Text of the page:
WASHINGTON, D.C. -- It's the essence of democracy: Citizens coming to the capitol to share their views on important issues with their elected representatives. But there is a twist this time: the issue is space, and the citizens are members of the National Space Society (NSS). The NSS's third ever "Space Blitz" kicks off Tuesday, May 17 and the public are encouraged to come on down to the capitol and join in the process of making space exploration a priority for the government.

The two-day event is the prelude to the society's 24th annual International Space Development Conference. This year's Legislative Conference--or the 2005 'Space Blitz', as it's known--was inspired by the positive response participants saw from last year's Moon-Mars Blitz, said NSS Executive Director George Whitesides.

The 2004 Moon Mars Blitz was credited with being an important part of the legislative victory NASA had in last year's budget, Whitesides said. "This year, the situation is potentially even more challenging," Whitesides said. "So we asking the public to come and do your part for space and be a part of the action."

Participants in this year's event actually go to Capitol Hill and make the case for space to key members of Congress and their staff.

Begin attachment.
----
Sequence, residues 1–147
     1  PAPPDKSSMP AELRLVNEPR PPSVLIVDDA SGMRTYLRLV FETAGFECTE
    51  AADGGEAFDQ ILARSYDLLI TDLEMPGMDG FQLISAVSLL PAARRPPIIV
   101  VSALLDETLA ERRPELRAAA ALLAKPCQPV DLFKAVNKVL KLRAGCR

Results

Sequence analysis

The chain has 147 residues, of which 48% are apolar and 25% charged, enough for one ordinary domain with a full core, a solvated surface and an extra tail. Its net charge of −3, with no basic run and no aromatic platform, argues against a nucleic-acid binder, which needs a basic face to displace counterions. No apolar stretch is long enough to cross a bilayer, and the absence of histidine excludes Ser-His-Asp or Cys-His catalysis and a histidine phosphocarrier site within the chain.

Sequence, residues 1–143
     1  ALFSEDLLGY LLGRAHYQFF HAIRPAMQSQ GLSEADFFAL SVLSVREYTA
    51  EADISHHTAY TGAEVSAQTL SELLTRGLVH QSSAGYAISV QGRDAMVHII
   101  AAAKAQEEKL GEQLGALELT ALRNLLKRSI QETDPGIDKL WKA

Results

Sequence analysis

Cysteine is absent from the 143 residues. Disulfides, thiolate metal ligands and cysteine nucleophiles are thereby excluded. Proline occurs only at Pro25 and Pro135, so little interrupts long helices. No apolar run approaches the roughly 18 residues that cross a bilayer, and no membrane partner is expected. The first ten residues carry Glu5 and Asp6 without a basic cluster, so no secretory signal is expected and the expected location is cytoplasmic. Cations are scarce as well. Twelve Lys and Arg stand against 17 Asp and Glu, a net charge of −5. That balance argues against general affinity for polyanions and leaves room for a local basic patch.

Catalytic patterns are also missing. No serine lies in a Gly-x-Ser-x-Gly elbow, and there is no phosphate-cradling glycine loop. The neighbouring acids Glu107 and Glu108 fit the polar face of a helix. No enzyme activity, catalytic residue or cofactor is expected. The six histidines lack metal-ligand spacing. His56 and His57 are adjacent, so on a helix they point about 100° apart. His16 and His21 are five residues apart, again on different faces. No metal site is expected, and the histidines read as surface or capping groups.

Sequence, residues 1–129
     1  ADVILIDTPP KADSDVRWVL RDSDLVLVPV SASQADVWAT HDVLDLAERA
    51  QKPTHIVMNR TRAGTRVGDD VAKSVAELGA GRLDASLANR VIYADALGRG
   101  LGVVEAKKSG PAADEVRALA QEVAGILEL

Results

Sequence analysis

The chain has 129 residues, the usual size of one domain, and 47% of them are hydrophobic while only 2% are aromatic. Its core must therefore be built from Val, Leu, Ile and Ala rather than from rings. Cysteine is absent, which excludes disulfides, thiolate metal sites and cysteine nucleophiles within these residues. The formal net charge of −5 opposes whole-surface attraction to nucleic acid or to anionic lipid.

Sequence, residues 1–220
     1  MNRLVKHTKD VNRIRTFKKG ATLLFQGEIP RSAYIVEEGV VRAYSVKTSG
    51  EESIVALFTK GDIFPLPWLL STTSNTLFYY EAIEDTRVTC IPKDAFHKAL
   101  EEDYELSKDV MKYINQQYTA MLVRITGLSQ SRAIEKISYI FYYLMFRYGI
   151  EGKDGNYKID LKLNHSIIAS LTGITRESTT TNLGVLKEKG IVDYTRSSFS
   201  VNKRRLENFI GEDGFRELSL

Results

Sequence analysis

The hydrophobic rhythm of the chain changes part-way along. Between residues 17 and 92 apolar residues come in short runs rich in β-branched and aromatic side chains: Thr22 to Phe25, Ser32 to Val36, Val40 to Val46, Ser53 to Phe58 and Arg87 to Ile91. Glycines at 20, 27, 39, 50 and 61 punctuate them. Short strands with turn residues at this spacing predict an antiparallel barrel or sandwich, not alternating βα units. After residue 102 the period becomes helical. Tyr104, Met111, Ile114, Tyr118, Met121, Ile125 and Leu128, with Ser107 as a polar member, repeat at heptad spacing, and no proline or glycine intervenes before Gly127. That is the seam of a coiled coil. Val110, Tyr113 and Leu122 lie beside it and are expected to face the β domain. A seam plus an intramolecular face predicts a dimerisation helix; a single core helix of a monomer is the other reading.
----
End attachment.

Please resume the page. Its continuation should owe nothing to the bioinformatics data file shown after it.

"By the end of the two days, you could see that we had really achieved something," said Michael Gilbrook, who participated in the 2004 event. "We educated Congressional staffer who were space novices, and motivated some who were jaded."

Gilbrook said that often pro-space education efforts are unfocused, and results are intangible. "But with the legislative conference, you know you are having a direct effect on the decision makers who control U.S. space policy," he said. "It is probably the most worthwhile and cost-effective use of your time as a space activist."

While some staffers know fairly little about space issues, some are extremely knowledgeable, with a personal interest that stretches back to childhood, said Whitesides: "But whatever the level of knowledge, the Space Blitzers will review with them the main action points of this year's agenda: supporting the Vision for Space Exploration, saving Hubble, and supporting the nascent commercial spaceflight industry."

"The National Space Society Legislative Conference was an amazing experience," said Marty Trumbore of Chicago "By participating in this two-day event, we received a first-hand education on how policy takes shape and what we, as both individuals and as the NSS, can do to influence this process."

Trumbore, who also attended last year's blitz, recalled how "we were able to meet with Senators, Representatives as well as senior staffers to discuss key issues facing the space industry. Just walking through the halls of Congress gave a profound sense of history and that we were doing our part to make a difference."

For more information on the NSS Legislative Conference and to register online, visit http://www.nss.org/legislative.